In the context of albums, I generally consider anything that is not mostly threes (or above) to be a disappointment. A couple ‘indifferent’ tracks are acceptable, particularly if they are balanced by some really great songs, but if an album is approaching a 1:1 ratio of twos and threes, I am going to somewhat regret the purchase. More twos than threes is the kind of performance that will have me thinking long and hard before buying anything else by that artist.
★★★★: Very Good
Four-star songs are those that are more than just likable. These are the songs I remember by name, the ones I would put on a mix tape for someone, or select for a hypothetical Greatest Hits compilation for an artist (four stars is also, incidentally, the threshold I use for loving a song on Last.fm). The paths to four-star status are varied. It's almost never granted on first or second listen, although a strong first impression always helps. It can take weeks, months, even years for a song to really grab hold of me. Many of these songs are what you might expect as ‘hits’—crowd-pleasing anthems, tear-jerking ballads, technical tours de force—but sometimes it will be a subtler touch that nudges a song over the edge from merely good to memorable. One of the oddest examples I can actually put my finger on is a single line in The Mountain Goats, Slow West Vultures (from We Shall All Be Healed, 2004):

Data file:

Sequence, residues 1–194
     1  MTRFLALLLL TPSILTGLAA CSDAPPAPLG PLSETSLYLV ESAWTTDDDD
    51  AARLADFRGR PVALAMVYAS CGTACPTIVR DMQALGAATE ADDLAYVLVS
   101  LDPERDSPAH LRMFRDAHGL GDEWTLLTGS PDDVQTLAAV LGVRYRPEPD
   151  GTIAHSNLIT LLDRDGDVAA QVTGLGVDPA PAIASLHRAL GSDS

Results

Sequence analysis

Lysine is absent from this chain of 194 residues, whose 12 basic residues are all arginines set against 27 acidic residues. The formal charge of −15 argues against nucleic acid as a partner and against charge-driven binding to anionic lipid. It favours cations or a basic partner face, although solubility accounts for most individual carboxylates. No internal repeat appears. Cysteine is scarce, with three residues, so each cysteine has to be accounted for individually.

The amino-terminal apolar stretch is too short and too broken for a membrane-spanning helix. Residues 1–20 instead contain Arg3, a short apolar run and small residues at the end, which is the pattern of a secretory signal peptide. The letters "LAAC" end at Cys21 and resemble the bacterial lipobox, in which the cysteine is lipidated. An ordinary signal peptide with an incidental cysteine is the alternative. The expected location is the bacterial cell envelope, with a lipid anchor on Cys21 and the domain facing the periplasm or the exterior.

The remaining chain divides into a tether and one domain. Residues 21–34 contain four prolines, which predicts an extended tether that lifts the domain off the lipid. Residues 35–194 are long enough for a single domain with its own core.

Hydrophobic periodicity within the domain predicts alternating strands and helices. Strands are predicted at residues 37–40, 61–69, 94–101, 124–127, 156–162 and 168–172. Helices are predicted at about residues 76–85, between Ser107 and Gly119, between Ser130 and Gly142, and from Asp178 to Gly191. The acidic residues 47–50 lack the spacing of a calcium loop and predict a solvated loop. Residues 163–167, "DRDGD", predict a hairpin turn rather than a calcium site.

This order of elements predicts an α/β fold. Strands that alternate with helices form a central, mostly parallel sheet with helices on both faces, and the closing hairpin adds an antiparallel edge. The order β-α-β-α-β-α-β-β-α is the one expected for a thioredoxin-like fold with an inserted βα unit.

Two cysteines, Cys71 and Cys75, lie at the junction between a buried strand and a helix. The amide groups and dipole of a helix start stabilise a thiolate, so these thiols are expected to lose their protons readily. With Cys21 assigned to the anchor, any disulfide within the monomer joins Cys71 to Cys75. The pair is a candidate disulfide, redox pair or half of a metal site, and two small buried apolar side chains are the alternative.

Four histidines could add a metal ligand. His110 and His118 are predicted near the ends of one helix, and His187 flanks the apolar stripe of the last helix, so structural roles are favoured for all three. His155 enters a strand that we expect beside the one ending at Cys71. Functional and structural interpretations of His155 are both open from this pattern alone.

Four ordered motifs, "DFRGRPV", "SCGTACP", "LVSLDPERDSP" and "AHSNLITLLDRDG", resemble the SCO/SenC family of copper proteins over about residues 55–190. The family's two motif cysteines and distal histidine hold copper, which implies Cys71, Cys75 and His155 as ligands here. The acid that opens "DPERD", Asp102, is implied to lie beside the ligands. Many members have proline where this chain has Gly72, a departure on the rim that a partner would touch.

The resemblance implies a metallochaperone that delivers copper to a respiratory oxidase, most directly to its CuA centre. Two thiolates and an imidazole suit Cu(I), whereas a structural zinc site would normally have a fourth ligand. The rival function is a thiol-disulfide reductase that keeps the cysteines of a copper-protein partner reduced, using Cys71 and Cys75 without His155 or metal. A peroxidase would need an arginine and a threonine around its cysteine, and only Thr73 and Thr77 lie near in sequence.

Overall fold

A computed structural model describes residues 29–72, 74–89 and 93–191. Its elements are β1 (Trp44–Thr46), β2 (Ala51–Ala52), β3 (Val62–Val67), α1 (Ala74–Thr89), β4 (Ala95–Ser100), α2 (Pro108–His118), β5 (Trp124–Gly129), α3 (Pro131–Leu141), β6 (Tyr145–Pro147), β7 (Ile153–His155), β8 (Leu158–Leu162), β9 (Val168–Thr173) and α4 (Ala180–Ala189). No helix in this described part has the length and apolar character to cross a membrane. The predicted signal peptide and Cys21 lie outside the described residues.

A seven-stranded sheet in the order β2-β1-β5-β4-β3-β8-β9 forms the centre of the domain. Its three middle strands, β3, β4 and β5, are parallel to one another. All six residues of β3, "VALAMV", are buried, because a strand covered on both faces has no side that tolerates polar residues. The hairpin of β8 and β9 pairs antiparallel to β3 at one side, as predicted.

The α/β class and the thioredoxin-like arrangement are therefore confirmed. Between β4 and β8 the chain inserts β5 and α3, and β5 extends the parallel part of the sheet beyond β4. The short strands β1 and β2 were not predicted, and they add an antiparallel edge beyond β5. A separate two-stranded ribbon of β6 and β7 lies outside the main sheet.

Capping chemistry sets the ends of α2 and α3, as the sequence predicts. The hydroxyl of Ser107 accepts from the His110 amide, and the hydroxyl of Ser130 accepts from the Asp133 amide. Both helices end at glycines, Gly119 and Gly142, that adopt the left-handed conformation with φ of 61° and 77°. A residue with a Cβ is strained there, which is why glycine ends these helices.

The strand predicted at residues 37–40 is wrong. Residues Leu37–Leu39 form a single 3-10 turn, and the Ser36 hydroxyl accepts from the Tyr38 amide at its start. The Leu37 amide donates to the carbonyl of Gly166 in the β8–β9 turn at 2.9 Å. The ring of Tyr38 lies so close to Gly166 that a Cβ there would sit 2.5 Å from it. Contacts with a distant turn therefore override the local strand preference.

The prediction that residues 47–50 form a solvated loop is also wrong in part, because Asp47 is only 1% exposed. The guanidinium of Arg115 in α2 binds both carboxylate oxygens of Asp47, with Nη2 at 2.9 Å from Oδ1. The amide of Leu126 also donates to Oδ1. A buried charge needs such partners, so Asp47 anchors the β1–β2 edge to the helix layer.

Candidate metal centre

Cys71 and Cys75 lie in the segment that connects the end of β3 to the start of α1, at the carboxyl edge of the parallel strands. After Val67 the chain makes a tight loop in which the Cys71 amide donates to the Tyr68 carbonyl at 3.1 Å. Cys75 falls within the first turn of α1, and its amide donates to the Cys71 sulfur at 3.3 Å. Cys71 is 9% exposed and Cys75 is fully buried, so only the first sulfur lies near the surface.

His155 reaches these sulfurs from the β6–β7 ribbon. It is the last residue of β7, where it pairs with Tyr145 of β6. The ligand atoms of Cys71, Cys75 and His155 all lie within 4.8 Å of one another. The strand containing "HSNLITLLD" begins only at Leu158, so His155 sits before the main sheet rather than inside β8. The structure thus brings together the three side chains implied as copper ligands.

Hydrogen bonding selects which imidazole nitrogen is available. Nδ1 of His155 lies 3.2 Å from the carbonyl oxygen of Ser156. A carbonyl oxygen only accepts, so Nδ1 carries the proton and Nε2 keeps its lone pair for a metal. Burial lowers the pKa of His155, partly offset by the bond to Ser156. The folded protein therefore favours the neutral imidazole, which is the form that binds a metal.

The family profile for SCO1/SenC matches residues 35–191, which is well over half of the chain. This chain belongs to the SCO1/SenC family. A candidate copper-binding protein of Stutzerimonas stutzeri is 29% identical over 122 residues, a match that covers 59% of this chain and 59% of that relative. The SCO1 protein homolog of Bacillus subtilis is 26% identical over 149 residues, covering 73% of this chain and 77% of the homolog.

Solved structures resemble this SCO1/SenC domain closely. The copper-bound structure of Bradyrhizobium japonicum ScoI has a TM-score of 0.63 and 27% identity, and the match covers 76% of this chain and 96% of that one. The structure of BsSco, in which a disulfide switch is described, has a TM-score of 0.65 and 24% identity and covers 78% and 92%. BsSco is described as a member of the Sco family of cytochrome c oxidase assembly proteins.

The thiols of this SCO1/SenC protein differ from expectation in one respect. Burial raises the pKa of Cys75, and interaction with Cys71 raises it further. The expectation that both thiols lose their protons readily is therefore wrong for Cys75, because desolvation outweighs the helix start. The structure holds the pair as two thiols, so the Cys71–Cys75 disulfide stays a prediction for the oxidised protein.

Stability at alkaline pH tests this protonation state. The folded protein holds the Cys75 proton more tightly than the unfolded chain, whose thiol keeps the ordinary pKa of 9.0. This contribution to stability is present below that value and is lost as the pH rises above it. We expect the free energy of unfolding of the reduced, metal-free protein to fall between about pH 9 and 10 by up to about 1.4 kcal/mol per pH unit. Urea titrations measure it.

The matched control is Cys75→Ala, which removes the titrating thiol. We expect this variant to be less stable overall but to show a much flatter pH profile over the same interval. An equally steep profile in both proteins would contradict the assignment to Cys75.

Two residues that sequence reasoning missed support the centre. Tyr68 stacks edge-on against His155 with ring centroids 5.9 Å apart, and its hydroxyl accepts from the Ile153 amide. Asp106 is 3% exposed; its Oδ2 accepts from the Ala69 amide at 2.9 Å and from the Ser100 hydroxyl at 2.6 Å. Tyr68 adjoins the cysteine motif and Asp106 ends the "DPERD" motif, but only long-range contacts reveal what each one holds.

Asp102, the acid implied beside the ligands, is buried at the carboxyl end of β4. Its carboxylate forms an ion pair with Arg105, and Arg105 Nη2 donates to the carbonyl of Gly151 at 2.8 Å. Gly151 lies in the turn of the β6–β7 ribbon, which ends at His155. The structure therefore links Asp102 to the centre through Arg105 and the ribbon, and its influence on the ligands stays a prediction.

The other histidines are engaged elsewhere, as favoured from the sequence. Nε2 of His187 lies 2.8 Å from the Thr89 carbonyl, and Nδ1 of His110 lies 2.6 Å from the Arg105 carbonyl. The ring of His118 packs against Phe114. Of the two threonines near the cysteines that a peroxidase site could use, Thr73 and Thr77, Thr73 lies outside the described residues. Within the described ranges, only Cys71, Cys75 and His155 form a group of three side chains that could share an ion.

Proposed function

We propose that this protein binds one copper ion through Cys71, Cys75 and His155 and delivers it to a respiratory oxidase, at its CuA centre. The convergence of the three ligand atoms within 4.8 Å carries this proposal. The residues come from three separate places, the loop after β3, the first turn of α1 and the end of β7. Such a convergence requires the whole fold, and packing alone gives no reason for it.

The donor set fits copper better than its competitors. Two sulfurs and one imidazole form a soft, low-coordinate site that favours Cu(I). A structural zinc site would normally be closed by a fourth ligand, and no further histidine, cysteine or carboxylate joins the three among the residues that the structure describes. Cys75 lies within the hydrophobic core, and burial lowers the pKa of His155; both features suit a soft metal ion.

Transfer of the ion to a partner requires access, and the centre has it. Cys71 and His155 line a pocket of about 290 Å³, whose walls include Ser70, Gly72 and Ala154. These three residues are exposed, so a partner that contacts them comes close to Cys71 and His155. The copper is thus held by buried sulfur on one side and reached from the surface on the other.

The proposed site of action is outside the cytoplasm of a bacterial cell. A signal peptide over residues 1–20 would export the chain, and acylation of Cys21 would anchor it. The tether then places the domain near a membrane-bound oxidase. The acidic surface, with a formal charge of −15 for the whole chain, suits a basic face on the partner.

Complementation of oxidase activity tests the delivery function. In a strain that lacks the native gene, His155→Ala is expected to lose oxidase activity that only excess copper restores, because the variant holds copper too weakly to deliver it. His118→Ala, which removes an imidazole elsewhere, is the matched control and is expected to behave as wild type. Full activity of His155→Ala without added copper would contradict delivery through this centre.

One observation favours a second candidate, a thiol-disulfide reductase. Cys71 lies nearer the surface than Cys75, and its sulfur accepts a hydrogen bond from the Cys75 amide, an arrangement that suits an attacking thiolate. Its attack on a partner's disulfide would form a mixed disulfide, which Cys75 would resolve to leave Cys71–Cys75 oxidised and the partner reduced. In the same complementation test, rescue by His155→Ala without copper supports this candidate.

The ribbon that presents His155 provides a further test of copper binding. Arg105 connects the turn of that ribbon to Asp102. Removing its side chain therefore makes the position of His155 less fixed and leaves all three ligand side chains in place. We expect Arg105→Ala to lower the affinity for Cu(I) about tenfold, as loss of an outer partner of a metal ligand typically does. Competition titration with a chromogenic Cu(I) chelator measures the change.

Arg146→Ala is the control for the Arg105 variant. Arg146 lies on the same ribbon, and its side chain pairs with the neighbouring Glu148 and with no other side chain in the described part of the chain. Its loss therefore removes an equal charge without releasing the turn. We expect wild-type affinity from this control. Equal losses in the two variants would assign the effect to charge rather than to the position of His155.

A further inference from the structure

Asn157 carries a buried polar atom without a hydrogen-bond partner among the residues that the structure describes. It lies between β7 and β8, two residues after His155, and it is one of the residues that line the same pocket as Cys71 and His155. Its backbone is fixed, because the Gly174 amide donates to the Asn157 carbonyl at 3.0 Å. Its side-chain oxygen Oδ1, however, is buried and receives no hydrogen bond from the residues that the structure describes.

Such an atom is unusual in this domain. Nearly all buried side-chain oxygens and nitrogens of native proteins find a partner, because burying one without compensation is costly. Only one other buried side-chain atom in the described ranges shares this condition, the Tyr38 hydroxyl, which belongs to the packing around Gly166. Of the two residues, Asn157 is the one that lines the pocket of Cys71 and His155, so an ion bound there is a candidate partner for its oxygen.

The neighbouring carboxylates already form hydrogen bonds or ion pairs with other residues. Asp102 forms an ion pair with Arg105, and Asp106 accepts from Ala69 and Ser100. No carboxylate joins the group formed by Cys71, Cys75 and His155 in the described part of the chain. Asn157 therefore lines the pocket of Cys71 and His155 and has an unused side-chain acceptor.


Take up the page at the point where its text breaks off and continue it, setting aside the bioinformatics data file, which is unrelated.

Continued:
Get in the god-damn car. Out of context, it doesn't seem like much, but at that precise moment in the song, delivered in the precise way it's delivered, I get a jolt from it every single time. It's that jolt, or something like it, that I am looking for. One commonality among four-star songs is that once the rating has been earned, it is very rarely lost. Even if a song doesn't always have quite the same impact on me as the day I gave it its fourth star, I tend to respect the original moment. For all this implied exclusivity, this category has grown quite populous: 2,688 songs, about 16% of my library.